As a Lenten practice during this season, clergy and leaders in the church from youth to elders will be sharing their devotions.
Scripture: Numbers 26:63-65
Key verse: (65a) For the LORD had said of them, “They shall die in the wilderness.”
Reflection: Remember that you are dust and to dust you shall return. Today is Ash Wednesday and some version of those words will be said again and again today. We begin the season of Lent, our journey with Christ toward the cross and then on to the empty tomb, by remembering our own mortality.
Some of us have become acutely aware of our mortality. We have heard a frightening diagnosis. We have watched a loved one take a last breath. We have felt the panic of chest pain or of not being able to catch our breath. Others of us know intellectually that we are mortal but we haven’t faced it yet. We go through our days somewhat oblivious to that reality, avoiding any conversation about death and dying, and denying any grief or loss we experience. Still others of us function as emotionally immortal. We can do anything, taking any risks and assuming we are invincible.
We are mortal. We all die. Every day is one day closer to death. And yet we live today. As people of faith, we are reassured that in the incarnation of Jesus Christ, God knows the reality of death. And in the resurrection, God has defeated death. We are mortal but death doesn’t have the final word.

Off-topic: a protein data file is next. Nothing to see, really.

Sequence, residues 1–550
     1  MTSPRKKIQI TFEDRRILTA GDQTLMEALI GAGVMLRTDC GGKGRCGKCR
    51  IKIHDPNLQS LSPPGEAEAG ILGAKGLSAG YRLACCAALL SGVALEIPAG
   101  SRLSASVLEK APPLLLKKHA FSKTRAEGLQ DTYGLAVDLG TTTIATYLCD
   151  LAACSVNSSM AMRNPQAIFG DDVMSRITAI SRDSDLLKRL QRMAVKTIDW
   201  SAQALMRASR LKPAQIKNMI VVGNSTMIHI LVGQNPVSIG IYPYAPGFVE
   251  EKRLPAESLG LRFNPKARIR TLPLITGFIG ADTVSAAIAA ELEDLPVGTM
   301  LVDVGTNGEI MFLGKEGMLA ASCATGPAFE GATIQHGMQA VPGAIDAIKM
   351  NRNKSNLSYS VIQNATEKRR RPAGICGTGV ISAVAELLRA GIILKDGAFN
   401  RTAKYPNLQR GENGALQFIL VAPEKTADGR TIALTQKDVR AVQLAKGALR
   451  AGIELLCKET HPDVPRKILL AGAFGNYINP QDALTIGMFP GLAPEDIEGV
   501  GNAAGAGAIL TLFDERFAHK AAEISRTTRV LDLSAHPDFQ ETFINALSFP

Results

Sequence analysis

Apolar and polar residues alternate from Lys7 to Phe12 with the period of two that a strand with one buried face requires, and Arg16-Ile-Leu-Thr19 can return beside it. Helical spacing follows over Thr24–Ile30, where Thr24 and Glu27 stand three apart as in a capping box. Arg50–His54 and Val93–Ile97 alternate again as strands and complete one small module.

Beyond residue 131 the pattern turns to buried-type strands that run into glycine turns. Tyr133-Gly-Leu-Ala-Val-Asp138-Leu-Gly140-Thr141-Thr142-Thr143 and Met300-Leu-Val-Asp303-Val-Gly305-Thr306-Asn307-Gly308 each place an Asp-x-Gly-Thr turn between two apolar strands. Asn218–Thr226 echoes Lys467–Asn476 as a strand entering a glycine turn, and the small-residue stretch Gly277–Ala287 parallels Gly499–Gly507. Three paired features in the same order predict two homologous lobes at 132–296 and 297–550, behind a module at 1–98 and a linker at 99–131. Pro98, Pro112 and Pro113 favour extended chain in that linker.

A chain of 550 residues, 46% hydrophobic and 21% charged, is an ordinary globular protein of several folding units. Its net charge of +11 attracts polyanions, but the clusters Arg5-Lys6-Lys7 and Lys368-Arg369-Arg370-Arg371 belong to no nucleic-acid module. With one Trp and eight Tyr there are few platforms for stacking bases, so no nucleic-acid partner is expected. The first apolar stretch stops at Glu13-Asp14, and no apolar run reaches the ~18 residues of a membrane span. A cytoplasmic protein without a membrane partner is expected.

In today’s reading from Numbers, we are reminded that the slaves who were delivered from slavery in Egypt died in the wilderness and did not enter the Promised Land. A new generation of people entered the land. This was seen as a consequence for their disobedience on the wilderness journey. One generation, the slaves, moved from slavery to freedom, from the reign of Pharaoh to the reign of God. Yet it would be their descendants who would make the next move, from wilderness to Promised Land, from a nomadic life to the established life of the nation of Israel. This is the reality of our lives. Each generation moves forward, but none arrive at the promised perfection of God’s kingdom. Each generation experiences the power of God at work, but none experience the fullness of God’s heavenly presence. We give thanks today for the generations who have gone before us, with their faithfulness and with their mistakes. May we learn from them. And we acknowledge that we too are mortal, with our faithfulness and with our mistakes. We are dust and to dust we shall return.
Prayer: Almighty God, you despise nothing you have made and you forgive the sins of all who trust in you. Create in us new and contrite hearts, that truly repenting of our sins, and acknowledging our brokenness, we may receive from you, the God of all mercy, full pardon and forgiveness; through your Son, Jesus Christ our redeemer, we pray. Amen.
(prayer adapted from the PCUSA Book of Common Worship, service for Ash Wednesday)
Author: Millie Snyder
[Scripture quotations are from New Revised Standard Version Bible, copyright © 1989 National Council of the Churches of Christ in the United States of America. Used by permission. All rights reserved].